Strymon El Capistan review

A practically sized tape echo that's emulated in fine detail

  • £279
  • $425
As close as you can get to real tape echo without the bulk and upkeep.

MusicRadar Verdict

A great all-round delay, perfect for any guitar and amp set-up.


  • +

    Accurate emulation. Adjustable parameters. Looping. Tap tempo.


  • -

    Secondary functions access.

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The El Capistan aims to make the sound of a tape echo available in a stompbox by using Strymon's dTape technology which, says the company, "models all of the complexities of tape machines including such factors as wow and flutter, tape friction, bias adjustment, oscillation, saturation and delay-time-adjustment artefacts."

Three tape echoes are modelled - a three-way switch selects the types while a second three-way mode switch offers variations on each. Fixed represents a single head tape echo - and although it has three heads, these are selected individually by the second switch.

Multi is a multi-head machine with the mode switch selecting one of three head combinations (1&2, 2&3, 1&3). Single is the moveable head machine and the mode switch calls up normal or double tape speeds plus a sound-on-sound mode that effectively gives you looping capability.

The usual mix, delay time and repeats knobs are complemented by knobs to adjust tape age (making the repeats darker) plus wow & flutter (modulation). If that's not enough, all five knobs have secondary functions (accessed by holding down the tap and bypass switches) including adding spring reverb and adjusting tape bias, tape crinkle, low-end contour and the boost or cut amount.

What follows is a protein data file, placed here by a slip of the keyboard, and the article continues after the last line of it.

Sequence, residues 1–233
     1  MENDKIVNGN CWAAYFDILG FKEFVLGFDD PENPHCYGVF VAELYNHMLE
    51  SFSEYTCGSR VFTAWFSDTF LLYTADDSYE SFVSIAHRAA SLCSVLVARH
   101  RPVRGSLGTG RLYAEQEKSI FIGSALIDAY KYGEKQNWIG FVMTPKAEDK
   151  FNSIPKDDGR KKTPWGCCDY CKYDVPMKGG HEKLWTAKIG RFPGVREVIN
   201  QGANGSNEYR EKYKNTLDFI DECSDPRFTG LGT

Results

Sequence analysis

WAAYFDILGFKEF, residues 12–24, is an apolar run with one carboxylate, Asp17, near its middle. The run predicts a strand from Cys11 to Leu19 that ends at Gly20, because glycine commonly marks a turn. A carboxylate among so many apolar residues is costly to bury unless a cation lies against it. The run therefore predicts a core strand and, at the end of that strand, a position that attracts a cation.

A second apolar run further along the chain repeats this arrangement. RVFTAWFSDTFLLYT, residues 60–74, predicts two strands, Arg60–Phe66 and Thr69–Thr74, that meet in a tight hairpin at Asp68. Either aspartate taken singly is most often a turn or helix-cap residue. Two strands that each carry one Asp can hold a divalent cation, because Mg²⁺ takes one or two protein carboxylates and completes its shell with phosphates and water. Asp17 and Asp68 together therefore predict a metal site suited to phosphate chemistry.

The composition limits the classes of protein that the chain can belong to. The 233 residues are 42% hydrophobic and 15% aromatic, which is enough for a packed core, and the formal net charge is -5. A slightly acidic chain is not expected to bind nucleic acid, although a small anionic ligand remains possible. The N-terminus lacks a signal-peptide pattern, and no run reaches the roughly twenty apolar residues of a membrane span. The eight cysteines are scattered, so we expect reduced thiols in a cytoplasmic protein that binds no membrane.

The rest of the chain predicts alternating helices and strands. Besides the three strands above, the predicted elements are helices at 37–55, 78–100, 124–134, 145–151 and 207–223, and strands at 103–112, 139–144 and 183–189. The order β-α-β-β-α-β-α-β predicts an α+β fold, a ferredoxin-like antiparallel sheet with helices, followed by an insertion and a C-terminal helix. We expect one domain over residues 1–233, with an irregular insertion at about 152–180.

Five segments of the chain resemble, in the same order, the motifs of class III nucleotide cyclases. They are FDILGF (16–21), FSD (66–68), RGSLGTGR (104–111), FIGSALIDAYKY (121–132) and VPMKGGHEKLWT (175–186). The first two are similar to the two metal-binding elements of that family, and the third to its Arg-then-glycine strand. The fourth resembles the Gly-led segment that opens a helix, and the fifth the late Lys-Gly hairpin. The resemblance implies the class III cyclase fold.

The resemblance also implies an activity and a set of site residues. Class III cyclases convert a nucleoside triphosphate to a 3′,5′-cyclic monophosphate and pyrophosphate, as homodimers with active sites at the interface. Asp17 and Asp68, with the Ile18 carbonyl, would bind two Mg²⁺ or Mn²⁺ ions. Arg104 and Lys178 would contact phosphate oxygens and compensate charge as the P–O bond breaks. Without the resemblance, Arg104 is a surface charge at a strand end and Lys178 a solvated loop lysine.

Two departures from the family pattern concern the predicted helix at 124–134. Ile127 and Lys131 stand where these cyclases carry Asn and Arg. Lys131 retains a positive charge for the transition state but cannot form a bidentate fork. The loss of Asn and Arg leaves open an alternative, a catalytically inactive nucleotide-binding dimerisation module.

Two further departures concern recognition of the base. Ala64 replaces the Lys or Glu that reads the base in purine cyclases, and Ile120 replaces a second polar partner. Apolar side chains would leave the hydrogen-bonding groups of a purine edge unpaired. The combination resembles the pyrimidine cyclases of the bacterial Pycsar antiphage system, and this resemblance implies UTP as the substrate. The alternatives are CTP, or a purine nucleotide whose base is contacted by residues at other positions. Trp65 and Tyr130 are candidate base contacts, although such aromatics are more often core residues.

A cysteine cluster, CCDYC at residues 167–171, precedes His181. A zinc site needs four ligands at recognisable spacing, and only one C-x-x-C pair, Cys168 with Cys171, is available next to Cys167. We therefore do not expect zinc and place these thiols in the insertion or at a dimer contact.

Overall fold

Alongside vintage Space Echo and Copicat units, this compares well: it sounds excellent and gets pretty close to real tape echo tone. There's a lot of sonic variation available, but we'd prefer dual-concentric knobs rather than holding down switches to access secondary functions.

The tonal range and character of the repeats is very adjustable so you can have fairly bright clean-ish repeats or use the knobs, particularly tape age, to dial in something much darker and mushier that melts naturally into your sound.

Spring reverb adds the same sort of ambience as the short spring found in Space Echoes and, combined with the head selections in fixed and multi mode can put you in similar sonic territory.

The single mode will appeal to Echoplex fans - its sound-on-sound facility is great fun with up to 20 seconds of lo-fi looping.

While we'd assume that users of the original machines would replace the tape and clean the heads on a regular basis, the El Capistan's parameters for recreating the sound of a tape echo that's not in peak condition do add an extra dimension by providing sonic artefacts that are interesting in their own right and contribute greatly to the pedal's ability to create a range of nicely atmospheric effects and ambient wash.

Strymon's 'favorite' switch, if added, will let you store a favourite sound to give onstage access to two different sounds at all times - the stored sound and the sound based on current knob positions. The 'favorite' switch socket can alternatively be used for an expression pedal to control any selectable knob parameter - increasing repeats would be a sensible choice here for runaway oscillation, but (like its Brigadier sibling) holding down the tap switch creates the same cool effect.

Electro-mechanical tape echo machines are bulky, can be expensive and can need a lot of TLC, so the El Capistan is a very welcome substitute. Emulating different types of tape echo, with parameter adjustment for all the nuances, it's as close as you can currently get to those sounds without a lot of hassle.

But regardless of what it's supposed to be emulating, the El Capistan is simply an excellent delay pedal.

Now listen to our audio demos to hear a few examples of the El Capistan in action:

Trevor Curwen has played guitar for several decades – he's also mimed it on the UK's Top of the Pops. Much of his working life, though, has been spent behind the mixing desk, during which time he has built up a solid collection of the guitars, amps and pedals needed to cover just about any studio session. He writes pedal reviews for Guitarist and has contributed to Total Guitar, MusicRadar and Future Music among others.